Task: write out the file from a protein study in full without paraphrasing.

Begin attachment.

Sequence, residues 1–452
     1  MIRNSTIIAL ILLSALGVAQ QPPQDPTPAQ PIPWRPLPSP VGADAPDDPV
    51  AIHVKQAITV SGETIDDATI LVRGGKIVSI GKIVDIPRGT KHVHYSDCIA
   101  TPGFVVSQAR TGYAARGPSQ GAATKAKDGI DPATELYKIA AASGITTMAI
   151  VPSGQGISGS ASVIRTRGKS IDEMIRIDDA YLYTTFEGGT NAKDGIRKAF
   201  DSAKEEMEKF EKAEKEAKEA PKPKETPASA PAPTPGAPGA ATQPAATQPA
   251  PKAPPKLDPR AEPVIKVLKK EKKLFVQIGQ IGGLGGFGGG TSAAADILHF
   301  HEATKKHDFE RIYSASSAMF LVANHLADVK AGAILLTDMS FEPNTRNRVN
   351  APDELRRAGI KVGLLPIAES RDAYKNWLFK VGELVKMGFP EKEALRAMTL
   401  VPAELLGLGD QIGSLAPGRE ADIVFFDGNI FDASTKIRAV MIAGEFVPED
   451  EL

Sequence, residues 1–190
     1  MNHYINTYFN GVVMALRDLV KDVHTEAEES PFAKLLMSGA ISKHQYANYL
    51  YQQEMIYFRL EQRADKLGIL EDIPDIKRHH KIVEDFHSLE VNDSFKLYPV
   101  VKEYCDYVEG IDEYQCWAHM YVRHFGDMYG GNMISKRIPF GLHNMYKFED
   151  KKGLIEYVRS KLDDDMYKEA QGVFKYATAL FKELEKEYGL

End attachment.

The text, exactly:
Sequence, residues 1–452
     1  MIRNSTIIAL ILLSALGVAQ QPPQDPTPAQ PIPWRPLPSP VGADAPDDPV
    51  AIHVKQAITV SGETIDDATI LVRGGKIVSI GKIVDIPRGT KHVHYSDCIA
   101  TPGFVVSQAR TGYAARGPSQ GAATKAKDGI DPATELYKIA AASGITTMAI
   151  VPSGQGISGS ASVIRTRGKS IDEMIRIDDA YLYTTFEGGT NAKDGIRKAF
   201  DSAKEEMEKF EKAEKEAKEA PKPKETPASA PAPTPGAPGA ATQPAATQPA
   251  PKAPPKLDPR AEPVIKVLKK EKKLFVQIGQ IGGLGGFGGG TSAAADILHF
   301  HEATKKHDFE RIYSASSAMF LVANHLADVK AGAILLTDMS FEPNTRNRVN
   351  APDELRRAGI KVGLLPIAES RDAYKNWLFK VGELVKMGFP EKEALRAMTL
   401  VPAELLGLGD QIGSLAPGRE ADIVFFDGNI FDASTKIRAV MIAGEFVPED
   451  EL

Sequence, residues 1–190
     1  MNHYINTYFN GVVMALRDLV KDVHTEAEES PFAKLLMSGA ISKHQYANYL
    51  YQQEMIYFRL EQRADKLGIL EDIPDIKRHH KIVEDFHSLE VNDSFKLYPV
   101  VKEYCDYVEG IDEYQCWAHM YVRHFGDMYG GNMISKRIPF GLHNMYKFED
   151  KKGLIEYVRS KLDDDMYKEA QGVFKYATAL FKELEKEYGL